President Biden took to the pages of the Wall Street Journal to defend his economic record. He claims that “as supply chains continue to unsnarl, company profit margins fall from historically high levels, and rents continue to moderate, inflation should decline further, creating more breathing room for working families.” There’s an implicit theory of inflation here—but not a good one.
The President believes in cost-push inflation: Rising prices resulting from transportation and shipping difficulties, as well as greedy corporations and landlords, cause the dollar to depreciate. He’s got it exactly backwards. Dollar depreciation is why prices are rising. The Fed’s monetary policy, aided and abetted by the President’s and Congress’s massive deficits, are the real cause. It’s old-fashioned, aggregate demand-driven inflation. By greenlighting excessive spending, which the Fed felt compelled to underwrite, the President is complicit in it.
Let’s tackle the three parts of the President’s explanation. Supply chain problems seem a likely cause of inflation. After all, as bottlenecks develop, prices rise. But what goes up must come down. COVID-induced bottlenecks have largely passed, and the relevant prices have accordingly fallen. Yet consumer prices overall have not fallen. The theory predicts deflation, when instead we’re experiencing disinflation. Strike one.
Next, the President blames corporate profits. Supposedly profit-hungry corporations are using their market power to hike prices. This “greedflation” hypothesis is very popular. It’s also astonishingly easy to disprove. Basic economic theory tells us that if firms are profit-maximizers, they can’t pass on the full value of cost markups to consumers. In fact, as costs rise, the markup falls. This is devastating for greedflation partisans because it uses the assumption of greed (profit maximization) to show the postulated conclusion (inflation) cannot follow. The most you can get is a one-time price increase, one that is smaller than the increase in business costs—and with reduced profit margins, besides. Strike two.
What about rents? Rent is a major part of consumer spending, and it’s certainly going up. But from 2020 to 2022, it’s only rarely risen faster than inflation (and even then, only if you parse the data in a certain way). If a particular component of consumer spending were behind surging prices, you’d expect that component to be larger than average, pulling inflation up. Not so in this case. Furthermore, there’s a conceptual confusion here. Inflation can cause rents to rise, but supply and demand in housing markets can, too. What we’re seeing is likely microeconomic forces in a particular segment of the economy, rather than a general macroeconomic trend. Strike three.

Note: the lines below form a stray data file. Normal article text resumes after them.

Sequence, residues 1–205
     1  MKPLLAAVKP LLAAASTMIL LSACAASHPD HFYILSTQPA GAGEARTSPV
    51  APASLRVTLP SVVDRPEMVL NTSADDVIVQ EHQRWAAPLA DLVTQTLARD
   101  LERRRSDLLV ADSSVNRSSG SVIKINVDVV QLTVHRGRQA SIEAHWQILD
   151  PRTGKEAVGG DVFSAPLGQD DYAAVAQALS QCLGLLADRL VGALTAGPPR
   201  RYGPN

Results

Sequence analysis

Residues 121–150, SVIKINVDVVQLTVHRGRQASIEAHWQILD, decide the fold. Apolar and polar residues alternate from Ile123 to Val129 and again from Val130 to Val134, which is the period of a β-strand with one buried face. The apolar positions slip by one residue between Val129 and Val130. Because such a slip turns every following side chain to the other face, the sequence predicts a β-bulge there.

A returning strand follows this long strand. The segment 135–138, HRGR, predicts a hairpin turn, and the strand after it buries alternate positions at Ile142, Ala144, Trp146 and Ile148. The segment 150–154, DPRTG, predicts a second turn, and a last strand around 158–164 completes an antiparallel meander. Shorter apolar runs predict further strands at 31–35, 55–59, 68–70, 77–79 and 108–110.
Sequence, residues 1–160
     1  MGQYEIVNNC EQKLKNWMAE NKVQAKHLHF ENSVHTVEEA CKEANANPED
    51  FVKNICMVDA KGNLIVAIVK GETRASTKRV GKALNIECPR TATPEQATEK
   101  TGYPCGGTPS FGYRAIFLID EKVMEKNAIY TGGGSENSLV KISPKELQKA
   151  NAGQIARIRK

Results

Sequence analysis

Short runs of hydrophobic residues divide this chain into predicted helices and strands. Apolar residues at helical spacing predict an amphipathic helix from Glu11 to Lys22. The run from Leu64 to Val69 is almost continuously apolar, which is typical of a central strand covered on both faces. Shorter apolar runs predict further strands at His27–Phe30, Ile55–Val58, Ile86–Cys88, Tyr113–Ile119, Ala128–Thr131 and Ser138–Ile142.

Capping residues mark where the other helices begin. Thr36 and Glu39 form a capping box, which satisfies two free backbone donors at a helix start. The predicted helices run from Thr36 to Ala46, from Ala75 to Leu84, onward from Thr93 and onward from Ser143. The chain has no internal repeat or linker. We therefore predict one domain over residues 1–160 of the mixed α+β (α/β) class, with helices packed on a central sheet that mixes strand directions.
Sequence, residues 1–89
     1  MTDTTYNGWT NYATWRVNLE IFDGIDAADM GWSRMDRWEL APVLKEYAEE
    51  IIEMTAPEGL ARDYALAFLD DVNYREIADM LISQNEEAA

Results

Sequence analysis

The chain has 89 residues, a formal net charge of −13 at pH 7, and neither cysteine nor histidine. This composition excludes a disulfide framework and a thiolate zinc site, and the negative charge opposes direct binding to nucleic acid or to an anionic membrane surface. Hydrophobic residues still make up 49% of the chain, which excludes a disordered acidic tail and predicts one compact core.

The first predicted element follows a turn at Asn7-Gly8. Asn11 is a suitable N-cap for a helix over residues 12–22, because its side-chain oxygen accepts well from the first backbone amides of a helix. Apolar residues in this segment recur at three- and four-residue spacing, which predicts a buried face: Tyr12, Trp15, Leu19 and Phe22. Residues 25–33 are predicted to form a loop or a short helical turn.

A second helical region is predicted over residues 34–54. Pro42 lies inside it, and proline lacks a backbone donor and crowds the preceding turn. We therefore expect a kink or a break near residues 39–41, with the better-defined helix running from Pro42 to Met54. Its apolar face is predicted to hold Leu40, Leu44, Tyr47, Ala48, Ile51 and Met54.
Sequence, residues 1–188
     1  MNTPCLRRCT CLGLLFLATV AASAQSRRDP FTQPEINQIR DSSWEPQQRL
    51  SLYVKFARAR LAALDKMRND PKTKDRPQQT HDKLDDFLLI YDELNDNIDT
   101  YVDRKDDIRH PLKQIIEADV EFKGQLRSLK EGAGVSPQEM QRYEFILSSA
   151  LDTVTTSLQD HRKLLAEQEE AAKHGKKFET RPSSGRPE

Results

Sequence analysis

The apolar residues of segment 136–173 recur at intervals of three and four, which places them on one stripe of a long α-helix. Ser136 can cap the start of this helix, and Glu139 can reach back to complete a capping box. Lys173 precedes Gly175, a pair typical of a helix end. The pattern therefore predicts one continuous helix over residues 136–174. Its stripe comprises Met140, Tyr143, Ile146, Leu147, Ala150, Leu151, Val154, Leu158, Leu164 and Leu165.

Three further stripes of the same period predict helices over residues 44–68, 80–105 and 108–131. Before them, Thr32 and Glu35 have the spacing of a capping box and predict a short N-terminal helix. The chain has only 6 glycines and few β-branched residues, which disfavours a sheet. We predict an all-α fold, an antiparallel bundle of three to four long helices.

President Biden misses the obvious cause: massive monetary stimulus by the Fed during the COVID years. From January 2020 to 2022, the monetary base and M2 money supply rose 59 percent and 38 percent, respectively. The federal government also ran massive deficits over those years. COVID spending in excess of revenues was $6 trillion; $3.3 trillion of the resulting government bonds ended up on the Fed’s balance sheet. That means the central bank monetized more than half the deficit.
President Biden famously scoffed that “Milton Friedman isn’t running the show anymore.” The President can gripe about the great monetarist and Nobel laureate all he likes, but he can’t escape the implications of Friedman’s argument. Since inflation is a monetary phenomenon, the government’s excessive money-fueled spending is to blame.